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Creation or evolution: Do we have to choose?

November 2008 | by Andrew Sibley

Creation or evolution: Do we have to choose?

 

Andrew Sibley reviews the recent book by Denis Alexander

 

The title of this book asks an important question. And, according to the author, the answer for Christians is no, we don’t have to choose. Both creation and evolution are compatible with the Bible as the Word of God. But is he right?

 

Denis Alexander recognises that all Christians accept that microevolution has occurred, even those who follow the Creationist Henry Morris, but the real question – which Alexander downplays – is concerned with the scale, speed and direction of evolution.

 

Alexander argues that evolution is a universal scientific theory and seeks to adapt Scripture to fit the evolutionary science. For him, Scripture cannot be permitted to shape science, but science is allowed to shape the interpretation of Scripture. I find this approach unsatisfactory, to say the least.

 

Micro and macro

 

In radically separating science and faith, Alexander accepts the dualism implicit in Galileo’s position (derived from the Platonism of the Islamic scholar Averroes) and manifested in modern times by the idea that science and faith exist as entirely different, non-overlapping realms of thought. Yet this makes theology subordinate to science.

 

However, Christian theologians such as Thomas Torrance have argued there should be no division between creation and the supernatural, while philosopher Alvin Plantinga maintains that Christians are entitled to conduct theistic science, starting from what is known from faith. But Alexander doesn’t address these important arguments from notable theologians.  

 

In his opening chapters Alexander does provide some useful insights on the Genesis creation record, and also provides a helpful account of the microevolution and limited speciation that is observed in nature. There really is some interesting material here.

 

However, having raised interest in observable science, he moves swiftly on to discuss macroevolution – something that is unobserved. Sadly, many readers will not spot the subtle shift in reasoning here but will be blinded by the false authority claimed for science.

 

At times Alexander speaks of evolution being ‘incontrovertible’, but also admits that scientific explanations of unobserved events can only be ‘consistent with’ the evidence, not proven by it.

Those trained in the physical sciences are well aware of the dangers of extrapolating experimental data into areas where no such data exist. Yet macroevolution is founded on just such an extrapolation – and a huge one at that. The author’s strong commitment to Darwinism, then, is ultimately based on faith in evolution, but he contrives to leave the unfortunate impression that macroevolution is scientifically proven. It is not.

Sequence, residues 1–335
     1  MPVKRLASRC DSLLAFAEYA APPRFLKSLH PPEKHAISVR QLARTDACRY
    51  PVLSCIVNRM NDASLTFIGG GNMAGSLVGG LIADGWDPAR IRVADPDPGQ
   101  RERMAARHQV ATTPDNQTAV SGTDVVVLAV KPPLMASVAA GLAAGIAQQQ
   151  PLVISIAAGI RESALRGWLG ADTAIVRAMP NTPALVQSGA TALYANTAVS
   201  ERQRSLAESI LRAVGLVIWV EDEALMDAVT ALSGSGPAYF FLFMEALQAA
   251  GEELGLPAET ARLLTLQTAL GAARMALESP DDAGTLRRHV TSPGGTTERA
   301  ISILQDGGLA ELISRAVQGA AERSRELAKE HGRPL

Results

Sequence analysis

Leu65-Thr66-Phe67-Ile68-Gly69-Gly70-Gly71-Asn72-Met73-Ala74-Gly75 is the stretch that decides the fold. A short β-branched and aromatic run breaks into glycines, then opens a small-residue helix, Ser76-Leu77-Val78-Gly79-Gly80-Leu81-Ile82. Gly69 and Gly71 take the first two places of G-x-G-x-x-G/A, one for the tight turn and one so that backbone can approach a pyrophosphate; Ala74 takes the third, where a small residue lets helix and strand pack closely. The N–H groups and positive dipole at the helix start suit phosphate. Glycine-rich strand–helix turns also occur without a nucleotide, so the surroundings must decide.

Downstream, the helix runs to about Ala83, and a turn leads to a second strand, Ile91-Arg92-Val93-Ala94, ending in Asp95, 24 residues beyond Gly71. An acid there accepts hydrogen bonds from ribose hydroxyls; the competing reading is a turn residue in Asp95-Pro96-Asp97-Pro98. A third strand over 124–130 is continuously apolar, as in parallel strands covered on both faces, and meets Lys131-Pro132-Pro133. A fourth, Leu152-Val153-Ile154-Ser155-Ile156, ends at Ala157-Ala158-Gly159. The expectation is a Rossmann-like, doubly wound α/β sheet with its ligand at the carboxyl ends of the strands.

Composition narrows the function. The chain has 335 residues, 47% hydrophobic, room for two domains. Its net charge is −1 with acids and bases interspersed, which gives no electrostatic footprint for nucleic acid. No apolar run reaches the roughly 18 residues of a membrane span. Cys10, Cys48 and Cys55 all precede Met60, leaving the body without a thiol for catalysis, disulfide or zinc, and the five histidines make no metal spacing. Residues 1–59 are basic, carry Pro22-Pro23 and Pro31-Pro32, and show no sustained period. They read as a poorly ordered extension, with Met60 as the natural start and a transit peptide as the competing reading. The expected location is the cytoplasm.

The roots of evolutionary theory

 

Alexander further argues that evolution was developed as a purely scientific explanation and must therefore be compatible with Christianity. But is this so? Readers of this book may wish to note that Alexander is involved with ‘Theos’ and the Faraday Institute in a project to ‘Rescue Darwin’ from ideology and undermine both atheists and creationists by pronouncing a ‘plague on both their houses’.

 
Serious researchers will find this approach both ironic and naïve, for it fails to address the fact that ideological concepts profoundly influenced Darwin’s work – ideology that stemmed from economic, social and anti-religious sources such as Thomas Malthus, Auguste Comte, Adam Smith, Erasmus Darwin and David Hume.
 

Much of the book is written in a reasonable manner, but the author adds a deeply regrettable postscript in which he implies that Christians who reject evolution are ‘dangerous’, ‘disgraceful’ and therefore ’embarrassing’ to the gospel. He further asserts that attacking evolution is ‘divisive and splits the Christian community’.

 

The large number of Christians, including professional scientists, who have serious and well-grounded doubts about Darwinism will find this an arrogant statement. Some may feel that his attempt to bully Christian opponents into submission resembles the hubris of a Richard Dawkins rather than the graciousness of the gospel of Christ.

 

Many young people struggle with their faith because they perceive that evolution implies that Christianity, in its reliance on the Bible as God’s Word, is a blind leap in the dark – not being compatible with the ‘scientific’ evidence. For this reason alone, these issues need to be addressed in a respectful and reasoned manner.

 

It is not creationism but Alexander’s own comments that are divisive and unhelpful. I think in hindsight he will regret inserting this postscript.

 

Creation or evolution: Do we have to choose? by Denis Alexander is published by Monarch Books at £10.99 (382 pages; ISBN: 978-1854247469).